Welcome to the HPRC Blog. We've got lots of information here, from quick tips to in-depth posts about detailed human performance optimization topics.
In a Human Performance Optimization (HPO) Spotlight video, Army veteran Anthony Radetic discusses optimizing his performance as an elite athlete after becoming an incomplete paraplegic. He served as a helicopter pilot until he was injured in a motor vehicle accident that left him in a wheelchair.
Anthony talks about how he came to embrace competitive sports despite his injury. He discusses building his confidence and stamina to professionally compete in hand cycling, monoski racing, and jetski racing events. Anthony also describes how his mission changed after his injury, and how he learned to refocus himself to reach his optimized performance at home and during competitions. Check out the video below to learn more about his resilience.
Be prepared so you can make smart choices the next time a snack attack hits. Most people have a “snack drawer”—whether it’s in their office desk, gym locker, backpack, or car. Snacking can be an important part of your meal plan, preventing late-afternoon vending machine runs or overeating at mealtime. Snacks also can provide crucial nutrients before workouts or missions.
A healthy snack provides 100–300 calories, depending on your weight and activity level. Try to stock your snack drawer with a variety of nutrient-rich snacks.
- Choose lean proteins. Select water-packed tuna in single-serve pouches or nut butters. Or choose walnuts, almonds, or pistachios. If you have an office fridge, stock it with boiled eggs (up to one week) or single-serving cups of hummus, cottage cheese, or Greek yogurt.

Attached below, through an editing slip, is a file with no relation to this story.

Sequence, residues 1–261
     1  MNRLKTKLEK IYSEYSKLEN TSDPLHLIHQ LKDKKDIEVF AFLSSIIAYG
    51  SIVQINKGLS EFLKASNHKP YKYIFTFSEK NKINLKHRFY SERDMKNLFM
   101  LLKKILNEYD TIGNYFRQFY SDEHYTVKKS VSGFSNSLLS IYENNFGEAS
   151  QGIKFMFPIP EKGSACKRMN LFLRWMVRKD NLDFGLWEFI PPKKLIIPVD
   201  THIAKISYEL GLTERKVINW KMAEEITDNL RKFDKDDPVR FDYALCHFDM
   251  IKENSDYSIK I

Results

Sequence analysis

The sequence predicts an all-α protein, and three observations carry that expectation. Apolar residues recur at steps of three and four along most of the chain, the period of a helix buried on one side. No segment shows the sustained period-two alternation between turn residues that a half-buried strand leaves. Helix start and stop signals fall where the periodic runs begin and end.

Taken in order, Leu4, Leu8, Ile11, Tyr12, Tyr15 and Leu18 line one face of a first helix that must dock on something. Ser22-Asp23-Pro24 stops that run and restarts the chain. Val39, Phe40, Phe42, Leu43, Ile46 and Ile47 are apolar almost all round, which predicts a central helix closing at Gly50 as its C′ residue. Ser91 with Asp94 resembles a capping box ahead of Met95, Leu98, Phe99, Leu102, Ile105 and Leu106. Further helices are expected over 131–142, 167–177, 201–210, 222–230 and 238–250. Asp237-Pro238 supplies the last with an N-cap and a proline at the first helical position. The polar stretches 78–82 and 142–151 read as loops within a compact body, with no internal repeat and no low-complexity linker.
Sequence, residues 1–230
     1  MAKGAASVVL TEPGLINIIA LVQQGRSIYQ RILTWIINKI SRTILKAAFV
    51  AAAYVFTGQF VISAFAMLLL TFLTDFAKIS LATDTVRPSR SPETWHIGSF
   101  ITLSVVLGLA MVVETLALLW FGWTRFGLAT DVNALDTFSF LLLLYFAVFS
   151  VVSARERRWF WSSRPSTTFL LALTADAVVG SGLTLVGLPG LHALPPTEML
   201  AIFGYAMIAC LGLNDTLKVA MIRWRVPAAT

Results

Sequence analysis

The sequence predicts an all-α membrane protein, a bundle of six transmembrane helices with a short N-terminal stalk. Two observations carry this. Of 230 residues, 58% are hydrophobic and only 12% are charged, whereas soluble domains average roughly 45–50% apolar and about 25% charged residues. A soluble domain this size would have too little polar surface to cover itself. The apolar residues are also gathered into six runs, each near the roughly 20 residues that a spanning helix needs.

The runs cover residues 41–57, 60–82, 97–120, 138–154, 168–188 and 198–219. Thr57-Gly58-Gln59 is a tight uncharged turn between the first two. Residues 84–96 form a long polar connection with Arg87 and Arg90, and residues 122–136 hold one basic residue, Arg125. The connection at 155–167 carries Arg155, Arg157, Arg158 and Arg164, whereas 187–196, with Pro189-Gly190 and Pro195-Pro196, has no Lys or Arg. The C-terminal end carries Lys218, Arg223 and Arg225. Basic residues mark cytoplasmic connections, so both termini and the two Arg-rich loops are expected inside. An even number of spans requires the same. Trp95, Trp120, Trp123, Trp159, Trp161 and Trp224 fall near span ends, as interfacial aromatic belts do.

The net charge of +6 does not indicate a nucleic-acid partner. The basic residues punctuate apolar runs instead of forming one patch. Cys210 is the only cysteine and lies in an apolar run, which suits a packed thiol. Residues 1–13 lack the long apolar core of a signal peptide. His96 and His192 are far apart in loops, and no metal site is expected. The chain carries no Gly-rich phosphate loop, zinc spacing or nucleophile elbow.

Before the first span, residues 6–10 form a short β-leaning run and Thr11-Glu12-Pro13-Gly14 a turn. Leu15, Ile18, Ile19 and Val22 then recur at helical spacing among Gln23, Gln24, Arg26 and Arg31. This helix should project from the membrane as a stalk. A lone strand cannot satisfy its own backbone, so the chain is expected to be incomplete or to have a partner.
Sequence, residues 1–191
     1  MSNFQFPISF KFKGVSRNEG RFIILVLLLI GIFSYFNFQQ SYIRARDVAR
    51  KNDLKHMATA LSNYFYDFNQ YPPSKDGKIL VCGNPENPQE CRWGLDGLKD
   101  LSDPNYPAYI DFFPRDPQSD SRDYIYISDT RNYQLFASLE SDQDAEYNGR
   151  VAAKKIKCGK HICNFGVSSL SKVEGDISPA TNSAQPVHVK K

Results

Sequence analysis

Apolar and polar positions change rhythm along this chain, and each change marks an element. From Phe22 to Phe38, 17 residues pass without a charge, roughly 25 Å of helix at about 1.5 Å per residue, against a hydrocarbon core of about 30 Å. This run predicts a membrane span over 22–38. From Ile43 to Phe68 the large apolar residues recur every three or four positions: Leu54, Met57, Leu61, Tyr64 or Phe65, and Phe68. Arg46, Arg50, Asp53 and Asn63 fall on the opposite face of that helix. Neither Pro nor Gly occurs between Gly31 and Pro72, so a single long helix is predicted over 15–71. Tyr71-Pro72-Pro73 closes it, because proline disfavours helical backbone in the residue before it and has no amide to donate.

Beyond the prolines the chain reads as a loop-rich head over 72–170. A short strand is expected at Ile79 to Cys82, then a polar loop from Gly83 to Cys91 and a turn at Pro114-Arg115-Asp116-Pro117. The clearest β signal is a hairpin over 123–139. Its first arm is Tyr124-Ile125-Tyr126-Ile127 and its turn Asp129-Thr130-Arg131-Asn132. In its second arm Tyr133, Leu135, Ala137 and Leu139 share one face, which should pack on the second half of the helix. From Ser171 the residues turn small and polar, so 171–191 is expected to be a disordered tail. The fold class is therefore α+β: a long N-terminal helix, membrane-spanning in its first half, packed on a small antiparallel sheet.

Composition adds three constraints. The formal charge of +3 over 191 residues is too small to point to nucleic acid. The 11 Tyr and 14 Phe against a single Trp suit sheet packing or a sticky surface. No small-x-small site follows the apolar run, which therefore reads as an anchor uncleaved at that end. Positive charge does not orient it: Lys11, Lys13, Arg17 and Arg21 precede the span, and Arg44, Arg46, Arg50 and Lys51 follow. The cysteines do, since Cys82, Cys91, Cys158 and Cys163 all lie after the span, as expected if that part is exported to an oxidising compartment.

- Pick healthy carbs. Options include instant oatmeal or grits, whole-grain crackers, air-popped popcorn, and dried fruit.
- Enjoy fresh fruits and veggies. Stock up on cut-up celery or cucumbers, baby carrots, and apples.
- Stay hydrated. Drink water (flavored with slices of lemon or cucumber), herbal tea, milk, soy milk, or almond milk. Or eat juicy fruits such as watermelon, oranges, and kiwis.
Follow the U.S. Department of Agriculture (USDA) recommendations on consuming foods and drinks too. And be mindful of portion sizes. Make sure to visit the MedlinePlus page to learn more about healthy snacking.
It can be extra challenging to get outdoors and exercise in the winter. But don’t let cold temperatures freeze your exercise routine. Use these tips to help you “weather” the winter weather!
- Dress in layers. Choose synthetic materials such as polyester or polypropylene that stay close to the skin. Avoid cotton since it soaks up sweat! You always can remove layers as you get warmer.
- Warm up. Take a few minutes and do a dynamic warm up before you head outdoors. This will help warm up your muscles and body, so it might feel like less of a shock when you step outside.
- Protect your extremities—especially your fingers, toes, and ears. Circulation to these areas decreases in cold weather. Chemical heat warmers also can help keep your hands and feet warm.
- Check the forecast. Wind chill, snow, and rain can make your body more vulnerable to the outside temperatures. Plan an indoor workout when the wind chill is extreme (negative numbers) or the temperature drops below 0°F. You’re at risk of hypothermia and frostbite if you’re not properly prepared.